India posted its first quarter GDP growth yesterday, and boy was it crazy…perhaps a bit too crazy. There’s concern over the credibility of the 7.9% year-over-year growth figure, as analysts were expecting 7.5% (for context: if the U.S. reaches 2% this year, that would be a good sign). What exactly is India up to? Last year, after suffering slowing GDP, India revised its calculation method, which just so happened to fix the slowdown. On top of this, economists claim that the figure doesn’t add up, especially when compared to other measures of the Indian economy, like capacity utilization (a measure of actual productivity to potential productivity) and private investment levels, which are low. The Brew has got its eye on you, India.
- Over 300 million Myspace accounts hacked before Memorial Day
- Valeant’s former CEO to receive $9 million severance payment
- Instagram officially announces new business tools
- Great Plains Energy acquires Kansas Utility for $8.6 billion
- Monday: U.S. Markets Closed (Memorial Day)
- Tuesday: Personal Income and Outlays (+); Consumer Confidence (-); S&P Case-Shiller Home Price Index (+)
- Wednesday: Michael Kors, Box, Cracker Barrel Earnings; ISM Manufacturing Index; Auto Sales; Private Employment Report; Construction Spending; Beige Book
- Thursday: Weekly Jobless Claims
- Friday: May Employment Report; ISM Non-Manufacturing Index; Factory Orders; International Trade
TNT BALLS OUT
Monday’s Game 7 of the NBA’s Western Conference Finals, which saw the Golden State Warriors defeat the Oklahoma City Thunder to advance to the NBA Finals, did not disappoint. But who got the most fired up? The avid fans? Nah. The dedicated players? Still nah. We’re giving this one to the cable company with the rights to air it: TNT. Let’s drive to the paint:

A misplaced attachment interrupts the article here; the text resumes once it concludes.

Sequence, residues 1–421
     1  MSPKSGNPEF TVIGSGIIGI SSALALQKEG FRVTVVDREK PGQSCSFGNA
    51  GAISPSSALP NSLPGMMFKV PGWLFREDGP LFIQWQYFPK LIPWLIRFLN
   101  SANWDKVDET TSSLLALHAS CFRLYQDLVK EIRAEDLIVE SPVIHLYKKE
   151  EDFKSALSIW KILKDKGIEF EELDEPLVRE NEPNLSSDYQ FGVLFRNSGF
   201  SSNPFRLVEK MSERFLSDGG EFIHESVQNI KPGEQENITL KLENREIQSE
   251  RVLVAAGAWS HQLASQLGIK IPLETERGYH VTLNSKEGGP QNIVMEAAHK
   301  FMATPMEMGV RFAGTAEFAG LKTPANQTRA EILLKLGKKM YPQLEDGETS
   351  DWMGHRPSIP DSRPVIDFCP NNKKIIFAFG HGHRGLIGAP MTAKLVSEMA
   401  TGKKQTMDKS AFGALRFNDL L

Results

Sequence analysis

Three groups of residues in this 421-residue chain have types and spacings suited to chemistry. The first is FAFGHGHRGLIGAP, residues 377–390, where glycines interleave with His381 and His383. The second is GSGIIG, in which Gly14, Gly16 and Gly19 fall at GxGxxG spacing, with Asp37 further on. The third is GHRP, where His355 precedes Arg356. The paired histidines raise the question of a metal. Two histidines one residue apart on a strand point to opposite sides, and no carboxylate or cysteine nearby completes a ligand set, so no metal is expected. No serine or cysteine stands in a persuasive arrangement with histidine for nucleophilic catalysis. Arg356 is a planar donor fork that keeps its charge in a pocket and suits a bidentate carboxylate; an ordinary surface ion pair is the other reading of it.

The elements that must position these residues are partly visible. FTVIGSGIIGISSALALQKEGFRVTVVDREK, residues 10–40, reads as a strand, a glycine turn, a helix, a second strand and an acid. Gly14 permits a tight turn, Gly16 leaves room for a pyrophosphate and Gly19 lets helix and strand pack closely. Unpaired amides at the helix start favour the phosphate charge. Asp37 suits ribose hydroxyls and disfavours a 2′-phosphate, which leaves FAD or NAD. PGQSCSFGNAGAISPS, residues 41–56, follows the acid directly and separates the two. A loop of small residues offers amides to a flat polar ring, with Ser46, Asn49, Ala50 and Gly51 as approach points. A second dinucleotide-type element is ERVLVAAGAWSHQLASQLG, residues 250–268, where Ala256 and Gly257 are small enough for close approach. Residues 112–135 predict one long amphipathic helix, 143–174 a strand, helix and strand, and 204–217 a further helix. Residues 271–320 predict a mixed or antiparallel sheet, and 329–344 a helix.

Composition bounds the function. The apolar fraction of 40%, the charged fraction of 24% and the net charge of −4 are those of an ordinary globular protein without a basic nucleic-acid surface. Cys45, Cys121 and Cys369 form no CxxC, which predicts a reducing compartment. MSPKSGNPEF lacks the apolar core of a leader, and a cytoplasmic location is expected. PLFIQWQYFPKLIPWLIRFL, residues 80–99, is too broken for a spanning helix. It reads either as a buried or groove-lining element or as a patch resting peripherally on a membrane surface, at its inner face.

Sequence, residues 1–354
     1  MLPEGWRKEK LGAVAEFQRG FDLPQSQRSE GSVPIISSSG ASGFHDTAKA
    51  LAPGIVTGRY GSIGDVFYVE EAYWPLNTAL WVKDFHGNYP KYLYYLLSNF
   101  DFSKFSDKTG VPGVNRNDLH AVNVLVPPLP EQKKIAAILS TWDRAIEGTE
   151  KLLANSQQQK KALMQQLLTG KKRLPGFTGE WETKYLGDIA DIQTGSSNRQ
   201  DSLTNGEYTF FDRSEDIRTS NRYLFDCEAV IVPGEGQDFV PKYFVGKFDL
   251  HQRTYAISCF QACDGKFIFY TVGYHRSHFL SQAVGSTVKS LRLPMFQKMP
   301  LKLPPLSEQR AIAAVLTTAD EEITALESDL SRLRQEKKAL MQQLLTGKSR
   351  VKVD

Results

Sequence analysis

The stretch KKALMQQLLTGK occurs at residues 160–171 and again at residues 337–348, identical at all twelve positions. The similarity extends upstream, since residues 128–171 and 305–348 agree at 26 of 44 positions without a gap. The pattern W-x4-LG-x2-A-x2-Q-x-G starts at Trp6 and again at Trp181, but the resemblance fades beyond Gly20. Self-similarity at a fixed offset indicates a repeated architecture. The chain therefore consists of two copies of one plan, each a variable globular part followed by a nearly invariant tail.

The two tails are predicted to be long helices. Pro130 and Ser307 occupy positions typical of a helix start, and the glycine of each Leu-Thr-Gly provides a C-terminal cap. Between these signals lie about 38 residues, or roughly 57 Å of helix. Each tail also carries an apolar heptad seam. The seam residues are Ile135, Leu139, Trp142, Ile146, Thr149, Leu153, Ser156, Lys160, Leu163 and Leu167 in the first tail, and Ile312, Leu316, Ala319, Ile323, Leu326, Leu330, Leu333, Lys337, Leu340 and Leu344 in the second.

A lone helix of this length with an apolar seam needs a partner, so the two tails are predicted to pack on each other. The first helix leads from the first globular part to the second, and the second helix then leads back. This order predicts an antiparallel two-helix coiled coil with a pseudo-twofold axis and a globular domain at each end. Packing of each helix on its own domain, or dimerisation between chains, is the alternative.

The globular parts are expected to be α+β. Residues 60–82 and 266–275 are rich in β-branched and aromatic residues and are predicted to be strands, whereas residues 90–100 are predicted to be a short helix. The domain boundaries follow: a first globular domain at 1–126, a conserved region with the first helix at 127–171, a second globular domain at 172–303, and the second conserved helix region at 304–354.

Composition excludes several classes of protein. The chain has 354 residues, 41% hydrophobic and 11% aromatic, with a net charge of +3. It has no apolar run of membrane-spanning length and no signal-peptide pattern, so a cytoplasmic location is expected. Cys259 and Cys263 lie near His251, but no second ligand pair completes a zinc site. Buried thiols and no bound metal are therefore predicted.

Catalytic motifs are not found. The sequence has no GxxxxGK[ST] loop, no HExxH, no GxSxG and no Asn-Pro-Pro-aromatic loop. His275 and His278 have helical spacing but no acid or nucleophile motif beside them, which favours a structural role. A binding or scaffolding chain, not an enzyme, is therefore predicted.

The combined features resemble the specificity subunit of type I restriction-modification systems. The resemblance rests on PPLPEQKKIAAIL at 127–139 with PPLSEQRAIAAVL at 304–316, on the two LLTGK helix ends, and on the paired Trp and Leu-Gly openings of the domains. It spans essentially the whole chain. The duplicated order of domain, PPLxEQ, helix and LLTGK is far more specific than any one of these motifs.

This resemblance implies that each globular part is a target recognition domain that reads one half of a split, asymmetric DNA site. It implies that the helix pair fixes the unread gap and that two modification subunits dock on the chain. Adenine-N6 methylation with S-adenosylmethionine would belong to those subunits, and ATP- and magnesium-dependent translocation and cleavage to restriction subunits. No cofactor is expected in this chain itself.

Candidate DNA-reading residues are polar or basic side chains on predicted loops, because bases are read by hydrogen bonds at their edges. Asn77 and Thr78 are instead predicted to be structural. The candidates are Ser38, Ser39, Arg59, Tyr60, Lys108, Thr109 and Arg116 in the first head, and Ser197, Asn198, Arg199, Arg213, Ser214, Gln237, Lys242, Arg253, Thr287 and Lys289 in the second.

- The highly-anticipated game brought in 15.9 million viewers for Time Warner’s TNT. What does the number mean? It makes Game 7 the most-watched NBA cable telecast of all time and the most-watched program in TNT’s 27-year history.
- 30% of homes in both the Bay Area and Oklahoma City tuned in to watch Curry and Durant light up the scoreboard. Even The Bachelorette took a back seat for the legendary showdown.
- Who watches postgame shows anyways? Apparently millions of people do, as “Inside the NBA” earned a 4.8 rating, the postgame show’s highest rating ever. Let’s be honest though: who can resist Shaq’s timeless charm?
- The NBA Finals, which pits the Warriors against the Cleveland Cavaliers, begins Thursday and is set to destroy even more records. The 2015 NBA Finals averaged 19.9 million viewers for ABC. Ball is life.
INTERVIEW QUESTION OF THE DAY
How much dirt is there in a hole that measures two feet by three feet by four feet? (Answer)
BUSINESS TERM OF THE DAY
Laissez-Faire — The doctrine or system of government with non-interference in the economy, unless necessary to maintain economic freedom. Margaret Thatcher and Ronald Reagan were great believers in laissez-faire economics.
FOOD FOR THOUGHT
Michael Dell and Silver Lake Partners bought Dell Inc. for $24.9 billion in 2013. Yesterday, a Delaware judge ruled that the buyout was underpriced by 22%. This means tens of millions of dollars are heading to investors who opposed the deal. Which activist investor was behind the lawsuit? Who else? Carl Icahn.